John Sweeney, a taxi driver from Pollokshields in Glasgow who joined the SNP just after the referendum in September 2014, is concerned about how hard Scottish nationalists may have to fight in the future to extract Scotland from the European Union.
"I'm sure our forefathers in Scotland over 300 years ago thought going into partnership with England was a good idea, and it may have been at the time, [but] lo and behold it is no longer a partnership, it's a Westminster takeover," said Sweeney. "I know the whole idea of a European Union sounds warm and fuzzy, but I don't want future generations to campaign for Scotland's independence from an imperialist United States of Europe.
"The leadership of the party have got to play it safely and they are probably just giving Cameron enough rope. The majority of Stay supporters within the party don't want to be embroiled in Cameron's campaign of deceit and lies, but I would have liked to see a bit more debate within the party."
Throughout this campaign it's been a struggle for Sturgeon to be seen to back remaining in Europe, but in a way that is as different as possible from the way David Cameron backs it. The SNP has refused to join a cross-party campaign through fear of replicating the chummy "Better Together" approach that hastened the downfall of Labour in Scotland, when they campaigned alongside the Conservatives during the independence referendum.
But because of the distance she wants to create between herself and the prime minister, Sturgeon's interventions have not been particularly helpful for the Remain camp. She has told anti-EU members of the public that she could "spend the whole evening" listing things that are wrong with the union, and accused Cameron and chancellor George Osborne of making "overblown" claims about the economic impact leaving the EU could have.
Most often, Sturgeon and her predecessor Alex Salmond have spent the campaign talking about what impact leaving the EU could have on the prospect of Scottish independence. Salmond said on Thursday night, during a BBC debate, that he would expect another independence referendum within two years of a UK-wide Leave vote next month, assuming Scottish votes taken in isolation back staying in.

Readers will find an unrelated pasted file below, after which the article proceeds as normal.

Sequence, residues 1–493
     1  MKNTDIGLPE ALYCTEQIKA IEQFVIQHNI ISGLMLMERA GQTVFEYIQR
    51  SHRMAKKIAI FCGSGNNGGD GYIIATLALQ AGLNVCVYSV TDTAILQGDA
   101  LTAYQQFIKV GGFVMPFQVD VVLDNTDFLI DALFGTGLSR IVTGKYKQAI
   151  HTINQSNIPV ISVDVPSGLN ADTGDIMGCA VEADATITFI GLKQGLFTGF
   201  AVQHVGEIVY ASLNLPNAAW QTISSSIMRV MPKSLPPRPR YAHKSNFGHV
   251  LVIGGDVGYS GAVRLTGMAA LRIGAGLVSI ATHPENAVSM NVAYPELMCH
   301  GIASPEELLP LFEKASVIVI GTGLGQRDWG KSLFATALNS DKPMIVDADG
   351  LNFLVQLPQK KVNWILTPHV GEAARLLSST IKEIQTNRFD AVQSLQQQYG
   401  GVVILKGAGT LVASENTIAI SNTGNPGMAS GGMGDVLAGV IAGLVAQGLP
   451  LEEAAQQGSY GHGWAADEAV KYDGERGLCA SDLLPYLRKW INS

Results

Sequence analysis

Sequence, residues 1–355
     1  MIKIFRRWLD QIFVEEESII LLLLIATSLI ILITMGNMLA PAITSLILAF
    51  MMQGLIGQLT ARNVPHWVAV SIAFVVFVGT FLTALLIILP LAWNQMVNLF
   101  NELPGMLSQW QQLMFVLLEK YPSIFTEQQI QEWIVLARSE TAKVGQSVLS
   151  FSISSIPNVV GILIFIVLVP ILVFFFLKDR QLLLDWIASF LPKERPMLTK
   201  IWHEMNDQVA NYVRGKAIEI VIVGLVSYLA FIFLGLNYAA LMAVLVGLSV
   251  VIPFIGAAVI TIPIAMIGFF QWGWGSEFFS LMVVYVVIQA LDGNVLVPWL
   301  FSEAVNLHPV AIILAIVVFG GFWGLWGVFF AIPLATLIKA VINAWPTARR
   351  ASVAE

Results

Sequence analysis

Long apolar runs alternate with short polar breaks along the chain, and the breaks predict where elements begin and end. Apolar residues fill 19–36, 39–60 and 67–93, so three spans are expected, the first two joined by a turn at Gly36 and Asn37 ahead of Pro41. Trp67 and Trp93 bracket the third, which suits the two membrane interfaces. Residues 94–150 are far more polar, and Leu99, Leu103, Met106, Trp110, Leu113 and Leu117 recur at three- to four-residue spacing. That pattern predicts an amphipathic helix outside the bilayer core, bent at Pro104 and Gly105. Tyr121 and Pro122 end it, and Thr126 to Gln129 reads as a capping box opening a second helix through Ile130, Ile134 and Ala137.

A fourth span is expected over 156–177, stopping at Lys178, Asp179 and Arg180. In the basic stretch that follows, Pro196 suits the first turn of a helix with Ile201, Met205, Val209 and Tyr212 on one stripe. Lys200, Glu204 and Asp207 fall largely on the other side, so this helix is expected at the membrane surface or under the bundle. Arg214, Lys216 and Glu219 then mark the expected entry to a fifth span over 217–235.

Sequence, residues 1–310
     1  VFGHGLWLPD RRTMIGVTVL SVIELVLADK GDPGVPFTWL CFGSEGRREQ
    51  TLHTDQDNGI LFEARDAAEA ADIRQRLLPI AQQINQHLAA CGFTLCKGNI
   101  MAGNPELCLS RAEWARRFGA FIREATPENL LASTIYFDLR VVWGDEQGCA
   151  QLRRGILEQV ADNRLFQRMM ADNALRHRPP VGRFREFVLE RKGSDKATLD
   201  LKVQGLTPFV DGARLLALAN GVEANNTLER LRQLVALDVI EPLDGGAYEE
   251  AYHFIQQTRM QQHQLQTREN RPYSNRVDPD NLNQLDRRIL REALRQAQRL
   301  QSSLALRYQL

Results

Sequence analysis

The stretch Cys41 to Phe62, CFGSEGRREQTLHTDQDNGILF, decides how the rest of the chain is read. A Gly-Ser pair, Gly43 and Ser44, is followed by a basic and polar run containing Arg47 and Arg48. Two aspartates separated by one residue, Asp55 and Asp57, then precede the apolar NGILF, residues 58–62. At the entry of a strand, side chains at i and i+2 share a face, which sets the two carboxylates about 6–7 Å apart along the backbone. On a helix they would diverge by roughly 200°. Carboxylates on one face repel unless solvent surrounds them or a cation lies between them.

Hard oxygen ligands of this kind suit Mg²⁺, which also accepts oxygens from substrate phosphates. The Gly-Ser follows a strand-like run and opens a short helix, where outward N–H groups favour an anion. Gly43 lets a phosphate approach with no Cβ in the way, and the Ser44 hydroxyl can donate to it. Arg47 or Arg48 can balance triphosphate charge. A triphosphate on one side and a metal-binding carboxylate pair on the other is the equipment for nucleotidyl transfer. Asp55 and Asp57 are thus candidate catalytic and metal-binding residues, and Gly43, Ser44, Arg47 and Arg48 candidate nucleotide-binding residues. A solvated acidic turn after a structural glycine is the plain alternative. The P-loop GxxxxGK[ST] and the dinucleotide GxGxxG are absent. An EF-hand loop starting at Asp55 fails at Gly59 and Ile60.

This is a message that SNP GO leader Parker believes has cut through to SNP voters, who would otherwise happily vote to leave the EU. "People react to us like we're trying to take independence away," he said.
"I went out to canvass opinion and said to people, ‘If you knew for a fact it would make no difference to a future independence referendum, would you vote Leave?' Fifty-six per cent of people said yes. They feel the only way to get independence is voting in and hoping England vote to take us all out."
The two anti-EU SNP campaigns – SNP GO and SNP for Leave – are small and unofficial. SNP GO has "one or two" active members in each constituency in Scotland, and Scottish Vote Leave campaigners say they've been in contact with around 100 anti-EU SNP voters who will form the basis of the SNP for Leave group. But, over these final few weeks, they hope to make it clear that a substantial number of SNP voters want to leave the EU.
"SNP for Leave is a group of SNP members and supporters who will be meeting together to discuss their views, concerns, how they want to get involved and get active," said a Scottish Vote Leave source. "Some are very surprised, some are frustrated by the leadership's stance. A lot of them are just saying it's a hugely illogical position, bearing in mind their views on independence."
Parker said he believes the support for leaving the EU within the SNP comes from members who have joined since Scotland's 2014 referendum and are dyed-in-the-wool supporters of Scottish independence.
"I think the old guard SNP, they will stick with the party line until they die," said Parker. "But the new ones who came in during Yes, they will disagree with Nicola Sturgeon from time to time – look at fracking, for example. But I’ve said I’m not going to slag the party off; I think Nicola Sturgeon is an inspiring and brilliant leader."
For their part, the SNP leadership say there is "no contradiction" in supporting the union with the EU but not with the rest of the UK. Sturgeon said in March: “Of course, I do want Scotland to be independent, but I don't want Scotland to become independent because the UK chooses to leave the EU.
“I want the UK as a whole to stay in the EU because I think that option will be better for the rest of the UK, I think it will be better for the EU and, should Scotland become independent in the future – something I believe will happen – I think it will be better for us too.”
But, for a small band of quiet but determined SNP supporters who want to leave, breaking ties with Brussels remains every bit as important as leaving the rest of the UK behind too.